River Woman by Katherena Vermette
Toronto. House of Anansi Press. 2018. 112 pages.
River Woman—profoundly personal, politically charged, playful and burning with love and loss—is a brilliant poetic work by Governor General’s award-winning novelist and poet Katherena Vermette. Her poetry spotlights and rejoices in the multilayered façades of love through postcolonial action. The opening section of River Woman defines love as the vigor of retrieval and repair in occasions of trauma in every era. In this collection, Vermette transports her readers into another world and tries to reveal the secrets of the in-depth reality of the universe. River Woman showcases Vermette’s distinguished and gifted narrative: a quiet whisper that turns into a roar; sparse words loaded with meaning.
This compact collection consists of a series of imagistic poems that are challenging to comprehend. Vermette’s trope of the river throughout the collection assembles the maternal spirit within the verses to enhance their universality. She repeatedly displays the image of a river to distinguish the narration of the poems by amalgamating her personal experiences and aboriginal history in a dynamic and versatile technique that reflects more than just words on the page.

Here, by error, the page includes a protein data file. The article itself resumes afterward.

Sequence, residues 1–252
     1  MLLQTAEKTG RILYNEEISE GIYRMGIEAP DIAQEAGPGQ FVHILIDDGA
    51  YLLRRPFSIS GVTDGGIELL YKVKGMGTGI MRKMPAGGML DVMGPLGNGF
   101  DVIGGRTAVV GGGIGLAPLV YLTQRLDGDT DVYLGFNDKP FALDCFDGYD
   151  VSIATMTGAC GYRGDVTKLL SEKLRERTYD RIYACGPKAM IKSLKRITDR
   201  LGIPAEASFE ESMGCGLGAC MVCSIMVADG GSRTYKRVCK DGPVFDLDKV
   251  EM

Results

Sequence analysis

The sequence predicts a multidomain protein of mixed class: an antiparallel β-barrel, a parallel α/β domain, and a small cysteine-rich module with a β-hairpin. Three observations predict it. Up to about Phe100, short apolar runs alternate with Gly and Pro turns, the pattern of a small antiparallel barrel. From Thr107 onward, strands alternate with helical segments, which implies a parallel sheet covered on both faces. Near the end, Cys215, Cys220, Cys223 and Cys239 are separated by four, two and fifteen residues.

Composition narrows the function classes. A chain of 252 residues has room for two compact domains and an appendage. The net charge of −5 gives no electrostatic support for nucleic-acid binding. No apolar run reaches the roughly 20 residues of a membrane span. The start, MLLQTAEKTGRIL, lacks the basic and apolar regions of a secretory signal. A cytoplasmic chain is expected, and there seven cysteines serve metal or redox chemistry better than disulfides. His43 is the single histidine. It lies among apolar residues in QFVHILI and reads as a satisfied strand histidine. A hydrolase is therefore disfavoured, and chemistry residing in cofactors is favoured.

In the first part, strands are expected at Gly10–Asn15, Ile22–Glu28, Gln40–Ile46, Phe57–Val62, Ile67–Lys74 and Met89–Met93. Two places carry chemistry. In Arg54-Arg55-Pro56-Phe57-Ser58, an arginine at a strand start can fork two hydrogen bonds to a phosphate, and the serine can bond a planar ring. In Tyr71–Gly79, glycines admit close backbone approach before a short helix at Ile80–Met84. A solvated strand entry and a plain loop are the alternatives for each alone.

Moreover, River Woman delineates Vermette’s relationship with nature as artistically portrayed through her elegant style. Vermette is able to depict the timelessness of nature along with its beauty, power, and destructiveness and how it affects the life and history of mankind. Through her poetic expressions that demonstrate her ardent and keen observations of the environment, the author tries to negotiate the balance between man-made urban structures and the natural world.
Thematically, the book deals with history, cultural bargaining, heritage, trauma, love, loss, and the poet’s Métis background along with the duality and harmony she feels around these themes. The first part of this lively collection contains the poet’s approach toward emotionally but largely uncontroversial themed works, while in the second part Vermette deals with political aspects. In the poem “new year’s eve 2013,” she writes: “they say all people are equal / who cannot agree / I say I will believe it / when prison and poverty rates are the same / when thousands of your women disappear / and you do nothing.”
River Woman is embedded in a vivid sense of place. Throughout the collection, the extremes of brokenness and resilience are grounded metaphorically in the discovery of love and in confronting the wounds of colonization.
Shanghai Jiao Tong University